A decision was finally made regarding dual enrollment courses and GPA credit, and some students and parents will not be pleased.
ORRHS Principal Michael Devoll acknowledged on March 12 the push from some parents in the community to allow dual enrollment to impact the students’ GPAs; however, it was determined that dual enrollment is not the same thing as taking an Advanced Placement class, and therefore should not be given the same weight.
Part of this decision comes from the fact that AP classes require 120 hours of class time, while dual enrollment college courses require 40 hours and are 15 weeks long.
“We’re not trying to discourage anyone from taking dual enrollment courses,” stated Devoll, despite the decision.
Also during the meeting, Superintendent Doug White discussed school choice in the budget, to which he proposed that school choice be in its own separate account, with whatever remainder left over then used to offset accounts.
By changing how school choice is included in the budget by eliminating it from the appropriation, the FY15 budget was reduced from $17,060,868 to $16,567,868. A motion was made to approve this amount, and the committee approved the FY15 budget.
“It’s been a busy month,” said White.
He continued by naming the various events he has attended recently, including the Oxfam banquet on world hunger coordinated by the junior high school, the early childhood fair held at the high school, and both an ice hockey and a basketball game.
“The rest of my time has been spent on getting the budget to a place where it can be approved,” said White.
Food Service Director Caitlin Meagher gave the committee a quick report on the lunch program. “[This has been] the year for freezer repairs. That was a really big job,” stated Meagher. Chairperson James O’Brien asked if the restrictions on lunch food options make it difficult to be creative with the menu, to which Meagher replied that it is a challenge.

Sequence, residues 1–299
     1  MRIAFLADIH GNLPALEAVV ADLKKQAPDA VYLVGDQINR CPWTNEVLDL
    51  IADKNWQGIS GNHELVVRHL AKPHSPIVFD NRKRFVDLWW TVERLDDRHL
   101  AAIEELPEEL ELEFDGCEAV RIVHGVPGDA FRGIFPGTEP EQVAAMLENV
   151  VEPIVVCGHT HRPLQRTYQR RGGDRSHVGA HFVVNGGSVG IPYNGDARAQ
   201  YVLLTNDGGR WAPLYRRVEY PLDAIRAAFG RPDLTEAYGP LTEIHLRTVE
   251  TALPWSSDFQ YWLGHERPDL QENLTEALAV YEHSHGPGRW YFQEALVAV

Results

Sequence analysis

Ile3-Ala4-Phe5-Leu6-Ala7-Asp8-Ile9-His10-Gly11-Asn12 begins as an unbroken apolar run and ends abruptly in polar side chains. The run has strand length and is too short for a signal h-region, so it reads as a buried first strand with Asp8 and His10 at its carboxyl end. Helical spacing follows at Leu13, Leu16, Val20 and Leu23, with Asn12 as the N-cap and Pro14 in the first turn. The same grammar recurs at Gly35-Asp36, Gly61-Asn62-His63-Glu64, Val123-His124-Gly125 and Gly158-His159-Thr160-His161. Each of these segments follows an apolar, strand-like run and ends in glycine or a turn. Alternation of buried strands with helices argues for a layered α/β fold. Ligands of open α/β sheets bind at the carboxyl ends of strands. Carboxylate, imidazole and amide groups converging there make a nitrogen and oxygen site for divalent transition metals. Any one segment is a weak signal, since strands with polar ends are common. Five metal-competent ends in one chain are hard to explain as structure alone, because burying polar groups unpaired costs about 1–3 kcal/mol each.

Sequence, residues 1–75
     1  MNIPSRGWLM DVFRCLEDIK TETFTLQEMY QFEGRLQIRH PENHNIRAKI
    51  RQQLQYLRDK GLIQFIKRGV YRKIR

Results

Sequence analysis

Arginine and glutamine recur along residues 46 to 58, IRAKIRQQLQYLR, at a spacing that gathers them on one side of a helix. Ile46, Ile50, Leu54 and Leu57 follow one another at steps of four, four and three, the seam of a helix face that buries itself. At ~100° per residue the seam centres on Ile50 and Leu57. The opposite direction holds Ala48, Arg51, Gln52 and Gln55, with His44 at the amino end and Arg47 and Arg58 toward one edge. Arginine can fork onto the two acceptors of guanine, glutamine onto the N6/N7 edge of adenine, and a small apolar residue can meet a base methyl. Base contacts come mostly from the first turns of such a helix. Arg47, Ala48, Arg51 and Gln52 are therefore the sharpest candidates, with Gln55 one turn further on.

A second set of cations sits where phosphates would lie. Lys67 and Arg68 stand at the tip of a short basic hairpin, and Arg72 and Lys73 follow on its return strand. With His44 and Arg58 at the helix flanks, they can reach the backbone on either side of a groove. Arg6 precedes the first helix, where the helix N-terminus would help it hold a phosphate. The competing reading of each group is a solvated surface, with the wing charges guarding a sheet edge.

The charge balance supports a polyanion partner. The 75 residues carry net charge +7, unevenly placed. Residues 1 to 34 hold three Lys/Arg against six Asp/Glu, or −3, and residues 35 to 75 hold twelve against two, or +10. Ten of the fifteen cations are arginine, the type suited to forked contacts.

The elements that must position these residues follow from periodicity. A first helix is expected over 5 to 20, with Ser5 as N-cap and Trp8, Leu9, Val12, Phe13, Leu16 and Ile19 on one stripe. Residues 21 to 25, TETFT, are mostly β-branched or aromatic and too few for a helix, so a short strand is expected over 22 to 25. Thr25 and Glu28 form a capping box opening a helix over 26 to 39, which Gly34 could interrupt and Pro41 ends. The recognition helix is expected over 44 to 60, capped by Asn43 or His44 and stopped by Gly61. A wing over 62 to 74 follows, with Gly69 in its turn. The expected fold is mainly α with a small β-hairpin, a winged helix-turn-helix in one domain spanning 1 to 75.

Around 45 percent of the students at ORR regularly buy school lunches.
White spoke about a proposal from the Southeastern Massachusetts Educational Collaborative to rent space in the high school for an autism program.
Devoll added that there are four empty classrooms at the high school, along with some empty office space, which SMEC representatives, after viewing the space, have expressed would suits their needs.
SMEC would only use the space during regular school hours, and the program would include high school students from the surrounding districts as well as the ORR District.
Students in the SMEC program would be able to collaborate and integrate into the high school, and it would not be entirely self-contained. A motion was made to accept the proposal to rent the space and passed.
Principal Devoll continued by saying that he is excited about the new GPA scale the committee approved last month. A 4.0 GPA scale will now be in effect with a bonus .5 for honors courses and a full point for AP courses.
The results of a school climate survey were given, with ratings from students, staff and parents. High rankings were given on questions such as the quality of the school’s learning environment and attitude towards independent thinking.
By Sarah Taylor